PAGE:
The Kenya National Chamber of Commerce and Industry has started talks to revive a framework for strengthening bilateral trade and investment cooperation with Egypt, largely in financial technology and processing of farm produce.
The chamber’s president Richard Ngatia says stronger trade cooperation and investment relationship between business communities in Kenya and Egypt will enhance their standing as respective gateways to East and North Africa.
KNCCI on Wednesday signed a memorandum of understanding (MoU) with Federation of Egyptian Chambers of Commerce and the Cairo Chamber of Commerce aimed at promoting investments in targeted sectors.
These include opportunities in financial technology such as M-Pesa, agro-processing of farm produce such as coffee, fruits, fish and meat as construction of power generation plants, according to the KNCCI.
“A Memorandum of Understanding was signed in 2014 for six years which we need to renew the agreement and continue promoting economic growth and development between our countries,” said Mr Ngatia said.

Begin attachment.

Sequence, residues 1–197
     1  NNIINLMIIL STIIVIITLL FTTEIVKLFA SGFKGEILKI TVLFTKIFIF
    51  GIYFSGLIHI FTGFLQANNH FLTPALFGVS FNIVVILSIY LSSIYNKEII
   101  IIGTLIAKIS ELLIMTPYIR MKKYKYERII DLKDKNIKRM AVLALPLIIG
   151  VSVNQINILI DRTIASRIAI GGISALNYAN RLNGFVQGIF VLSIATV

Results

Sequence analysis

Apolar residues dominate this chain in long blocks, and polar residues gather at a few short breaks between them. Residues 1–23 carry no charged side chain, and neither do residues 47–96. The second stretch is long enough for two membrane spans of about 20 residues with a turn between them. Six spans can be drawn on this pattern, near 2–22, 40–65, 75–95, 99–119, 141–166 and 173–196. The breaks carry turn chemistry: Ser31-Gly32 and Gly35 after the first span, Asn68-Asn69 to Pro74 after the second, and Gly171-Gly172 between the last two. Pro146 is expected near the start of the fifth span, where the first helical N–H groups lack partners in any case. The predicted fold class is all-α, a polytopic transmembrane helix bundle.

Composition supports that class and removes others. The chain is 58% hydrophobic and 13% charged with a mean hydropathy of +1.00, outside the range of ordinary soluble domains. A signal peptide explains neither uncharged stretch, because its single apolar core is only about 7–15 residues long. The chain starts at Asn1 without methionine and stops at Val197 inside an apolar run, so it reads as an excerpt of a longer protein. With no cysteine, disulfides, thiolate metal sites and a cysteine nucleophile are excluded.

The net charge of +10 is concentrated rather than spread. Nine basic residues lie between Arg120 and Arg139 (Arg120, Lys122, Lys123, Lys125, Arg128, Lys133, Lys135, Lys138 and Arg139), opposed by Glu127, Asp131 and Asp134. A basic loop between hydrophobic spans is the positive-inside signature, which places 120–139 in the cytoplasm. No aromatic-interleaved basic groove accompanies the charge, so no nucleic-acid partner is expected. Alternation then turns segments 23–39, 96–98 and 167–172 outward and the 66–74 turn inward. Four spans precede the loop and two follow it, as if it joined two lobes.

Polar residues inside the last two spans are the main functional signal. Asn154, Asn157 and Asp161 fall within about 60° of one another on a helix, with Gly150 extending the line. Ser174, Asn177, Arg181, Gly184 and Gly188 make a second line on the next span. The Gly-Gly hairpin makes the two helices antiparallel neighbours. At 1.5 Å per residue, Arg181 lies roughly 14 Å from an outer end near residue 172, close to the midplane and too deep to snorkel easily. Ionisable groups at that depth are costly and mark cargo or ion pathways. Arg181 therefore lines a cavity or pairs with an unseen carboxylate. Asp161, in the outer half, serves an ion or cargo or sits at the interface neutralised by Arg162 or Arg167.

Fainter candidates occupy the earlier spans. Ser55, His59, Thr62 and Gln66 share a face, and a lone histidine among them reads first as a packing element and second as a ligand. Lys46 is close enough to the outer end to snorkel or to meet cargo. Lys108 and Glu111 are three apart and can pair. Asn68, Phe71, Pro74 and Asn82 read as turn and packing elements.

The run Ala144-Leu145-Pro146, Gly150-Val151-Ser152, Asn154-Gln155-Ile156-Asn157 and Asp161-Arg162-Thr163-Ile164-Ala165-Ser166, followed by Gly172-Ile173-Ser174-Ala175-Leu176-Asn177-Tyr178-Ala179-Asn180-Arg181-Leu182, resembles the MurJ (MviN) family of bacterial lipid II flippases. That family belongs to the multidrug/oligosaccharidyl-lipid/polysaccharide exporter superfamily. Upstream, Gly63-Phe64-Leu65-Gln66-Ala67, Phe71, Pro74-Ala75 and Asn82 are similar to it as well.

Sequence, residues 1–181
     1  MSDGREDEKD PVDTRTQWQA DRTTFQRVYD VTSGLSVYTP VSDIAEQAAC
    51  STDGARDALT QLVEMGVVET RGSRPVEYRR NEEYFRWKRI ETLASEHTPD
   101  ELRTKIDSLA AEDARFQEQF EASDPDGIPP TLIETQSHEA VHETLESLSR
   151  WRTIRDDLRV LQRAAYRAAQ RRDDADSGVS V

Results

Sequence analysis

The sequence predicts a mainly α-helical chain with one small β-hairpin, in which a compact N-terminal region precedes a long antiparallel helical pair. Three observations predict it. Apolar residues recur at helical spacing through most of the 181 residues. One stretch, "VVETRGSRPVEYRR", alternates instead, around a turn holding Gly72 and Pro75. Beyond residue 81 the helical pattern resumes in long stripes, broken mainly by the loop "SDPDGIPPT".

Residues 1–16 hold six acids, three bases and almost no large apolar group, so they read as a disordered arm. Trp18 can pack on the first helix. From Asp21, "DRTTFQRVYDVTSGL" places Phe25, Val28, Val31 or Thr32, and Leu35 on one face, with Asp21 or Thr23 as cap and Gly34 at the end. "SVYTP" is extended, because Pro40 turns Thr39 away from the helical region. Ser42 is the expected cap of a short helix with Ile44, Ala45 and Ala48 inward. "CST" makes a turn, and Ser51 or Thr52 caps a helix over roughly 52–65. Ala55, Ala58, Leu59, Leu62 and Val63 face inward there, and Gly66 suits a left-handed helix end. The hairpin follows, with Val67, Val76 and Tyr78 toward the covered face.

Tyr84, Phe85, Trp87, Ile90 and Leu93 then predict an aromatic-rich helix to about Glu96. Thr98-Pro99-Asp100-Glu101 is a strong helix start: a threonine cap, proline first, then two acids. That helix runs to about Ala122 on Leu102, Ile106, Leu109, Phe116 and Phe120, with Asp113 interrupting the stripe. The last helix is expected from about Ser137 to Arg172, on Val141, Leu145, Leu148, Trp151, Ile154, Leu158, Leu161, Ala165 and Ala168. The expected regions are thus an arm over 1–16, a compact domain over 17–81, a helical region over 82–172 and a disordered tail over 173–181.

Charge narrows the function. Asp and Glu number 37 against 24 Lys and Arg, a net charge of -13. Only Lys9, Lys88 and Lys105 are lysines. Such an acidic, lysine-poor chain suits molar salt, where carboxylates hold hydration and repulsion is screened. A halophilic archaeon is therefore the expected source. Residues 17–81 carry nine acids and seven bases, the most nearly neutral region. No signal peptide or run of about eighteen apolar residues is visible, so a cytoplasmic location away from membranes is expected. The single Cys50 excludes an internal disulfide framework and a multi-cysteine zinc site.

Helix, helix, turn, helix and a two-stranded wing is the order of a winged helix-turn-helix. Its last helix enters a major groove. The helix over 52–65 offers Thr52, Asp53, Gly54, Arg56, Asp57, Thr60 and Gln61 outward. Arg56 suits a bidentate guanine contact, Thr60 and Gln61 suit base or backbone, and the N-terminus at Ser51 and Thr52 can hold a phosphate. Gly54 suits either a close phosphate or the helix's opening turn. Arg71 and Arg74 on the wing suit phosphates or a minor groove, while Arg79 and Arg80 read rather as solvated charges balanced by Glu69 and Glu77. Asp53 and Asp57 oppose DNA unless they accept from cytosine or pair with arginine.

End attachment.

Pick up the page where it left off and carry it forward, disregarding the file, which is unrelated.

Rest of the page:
“We need to revive the Joint Business Council and submit inputs in preparation to the Joint Technical Committee in 8th and 9th September 2021 in Nairobi.”
The MoU signing in Egypt was a culmination of talks which started in 2018 to enhance economic cooperation through a Joint Business Council (JBC), whose establishment was first announced more than six years ago.
The plan to form council, which was to have 10 members from each party, was unveiled in January 2015 at a high-level forum in Nairobi attended by the Egypt’s ministers and which was sponsored by Qalaa Holdings — the then operator of Kenya-Uganda railway line.
The value of trade between Kenya and Egypt has grown 43.98 percent to Sh61.91 billion between 2014 and last year, with the latter benefiting more.
Official trade statistics shows the value of exports to Egypt —largely tobacco, paper and paperboard, fruits and vegetable textile fibres — grew a modest 8.67 percent to Sh18.98 billion between 2014 and 2020.
On the other hand, imports from Egypt — including vegetable and animal products, minerals, chemicals, plastics and rubber — jumped 68.13 percent to Sh42.93 billion.
Egypt is Kenya’s second source market for imports in Africa after South Africa and third largest buyer of Kenya’s goods after Uganda and Tanzania.
“We are keen on cooperation and investment programmes in export promotion zones and special economic zones and take advantage of the Africa Free Continental Trade Area (AFCTA),” Mr Ngatia said.
“With a population of about 50 million, we are a ready market for fast-moving consumer goods and we have well established private sector, vibrant capital market, skilled human resource.”